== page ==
The DeGo was also in charge of changing the credit in the emigrants' blocked accounts into foreign currency. The bank offered an exchange rate of 0.06 US$ per mark deposited in the emigrant's blocked account3, and after the exchange into US dollars sent a cheque for $ 783.75 to Santiago de Chile in summer 1939. This amount was all that was left of the RM 33,000 originally released. Besides their personal luggage and the household items to be forwarded later, Hermann and Selma Jacob were permitted to take RM 10 in cash on their journey. Thus they arrived in South America completely destitute. As Hermann Jacob had fallen ill in autumn 1938 and had to undergo surgery, the couple was dependent on support from acquaintances and relief organisations in Chile.

The remaining credit was confiscated by the German state

Their expatriation, published in the Reich's official gazette and thus in effect from May 1940, did not make their situation abroad any easier. The Jacobs were now stateless, and therefore no longer had any representation by an embassy or consulate, meaning that they might be deported at any time. Only when the expatriation was revoked after the war and restitution payments began in the 1950s, their financial situation became somewhat less severe. After Nazi Germany had divested them of their citizenship, also the Jacobs' remaining assets had been confiscated by the state. Their credit in the blocked account, which had shrunk to a mere RM 438, rose again to over RM 10,000 by spring 1941 due to dividend payouts for securities. As if to mock him, the Goettingen branch of Commerzbank kept sending Hermann Jacob monthly bank statements to Santiago de Chile. And finally, on 23 April 1941, the tax office in charge at Moabit-West in Berlin also confiscated that credit to the benefit of the German Reich.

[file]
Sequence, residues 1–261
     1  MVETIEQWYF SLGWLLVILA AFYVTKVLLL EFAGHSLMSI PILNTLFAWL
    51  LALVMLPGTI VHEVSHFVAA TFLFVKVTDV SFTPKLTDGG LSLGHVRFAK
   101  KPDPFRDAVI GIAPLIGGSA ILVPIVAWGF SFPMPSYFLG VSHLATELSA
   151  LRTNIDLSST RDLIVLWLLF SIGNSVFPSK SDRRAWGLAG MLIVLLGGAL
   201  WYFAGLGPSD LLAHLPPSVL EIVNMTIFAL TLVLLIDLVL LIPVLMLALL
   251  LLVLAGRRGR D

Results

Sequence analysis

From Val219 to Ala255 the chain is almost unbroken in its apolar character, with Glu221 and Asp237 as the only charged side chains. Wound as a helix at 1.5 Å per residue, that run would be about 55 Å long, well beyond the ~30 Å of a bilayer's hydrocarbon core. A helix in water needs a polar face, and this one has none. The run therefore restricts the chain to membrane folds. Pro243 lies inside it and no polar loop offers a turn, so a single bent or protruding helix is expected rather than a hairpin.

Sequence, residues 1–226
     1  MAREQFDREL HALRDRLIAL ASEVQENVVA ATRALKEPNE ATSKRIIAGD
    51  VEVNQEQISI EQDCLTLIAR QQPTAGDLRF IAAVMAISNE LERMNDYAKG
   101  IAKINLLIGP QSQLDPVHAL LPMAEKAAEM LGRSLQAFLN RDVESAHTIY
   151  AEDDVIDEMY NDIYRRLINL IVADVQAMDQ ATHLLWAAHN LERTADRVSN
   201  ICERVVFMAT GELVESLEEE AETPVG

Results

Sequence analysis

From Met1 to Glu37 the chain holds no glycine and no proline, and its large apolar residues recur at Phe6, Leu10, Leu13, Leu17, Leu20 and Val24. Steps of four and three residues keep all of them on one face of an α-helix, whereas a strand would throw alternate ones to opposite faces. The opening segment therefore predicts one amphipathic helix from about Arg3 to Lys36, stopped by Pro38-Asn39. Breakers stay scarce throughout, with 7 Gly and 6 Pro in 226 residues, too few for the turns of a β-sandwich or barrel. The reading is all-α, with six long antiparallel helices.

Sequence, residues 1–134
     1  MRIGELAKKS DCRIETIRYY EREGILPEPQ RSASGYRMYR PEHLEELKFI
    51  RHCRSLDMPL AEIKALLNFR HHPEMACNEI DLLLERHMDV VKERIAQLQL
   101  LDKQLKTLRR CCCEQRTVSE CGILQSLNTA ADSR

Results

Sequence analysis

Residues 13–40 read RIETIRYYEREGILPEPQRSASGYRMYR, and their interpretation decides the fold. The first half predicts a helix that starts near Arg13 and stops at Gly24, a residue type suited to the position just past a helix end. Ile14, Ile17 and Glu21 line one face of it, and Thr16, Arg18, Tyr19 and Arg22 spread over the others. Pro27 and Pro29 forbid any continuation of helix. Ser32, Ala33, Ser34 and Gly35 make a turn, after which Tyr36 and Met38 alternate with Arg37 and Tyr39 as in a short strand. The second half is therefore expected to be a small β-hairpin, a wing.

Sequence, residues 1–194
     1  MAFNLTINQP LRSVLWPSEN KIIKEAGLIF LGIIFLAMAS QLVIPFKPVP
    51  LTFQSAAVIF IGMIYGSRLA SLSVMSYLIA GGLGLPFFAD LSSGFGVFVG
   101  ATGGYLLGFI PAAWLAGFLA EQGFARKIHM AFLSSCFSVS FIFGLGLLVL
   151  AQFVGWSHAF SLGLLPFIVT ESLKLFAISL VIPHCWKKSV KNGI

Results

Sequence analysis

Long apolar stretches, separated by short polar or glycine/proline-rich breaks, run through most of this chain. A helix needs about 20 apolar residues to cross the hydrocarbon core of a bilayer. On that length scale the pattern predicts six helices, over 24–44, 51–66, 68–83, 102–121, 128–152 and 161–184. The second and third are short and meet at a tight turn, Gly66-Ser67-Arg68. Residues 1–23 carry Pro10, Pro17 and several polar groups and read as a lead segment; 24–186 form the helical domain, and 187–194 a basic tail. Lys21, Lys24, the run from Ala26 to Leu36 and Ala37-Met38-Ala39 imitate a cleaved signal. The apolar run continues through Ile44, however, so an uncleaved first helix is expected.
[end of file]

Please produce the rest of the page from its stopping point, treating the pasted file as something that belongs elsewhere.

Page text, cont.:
1. On the history of Hermann Jacob's leather goods store, cf. Bruns-Wuestefeld, Geschaefte, p. 148-150

    Reich Association of Jews in Germany

    Translator's note: This means that the exchange rate Jewish emigrants were offered by the DeGo was over 16 marks to the US$, while at the time (1936-1941), the official exchange rate was approx. 2.50 marks to the US$. So in the case of the Jacobs, instead of under 2,000 marks, the DeGo pocketed over 13,000 marks for the US$ 783.75 paid out to the couple in Chile.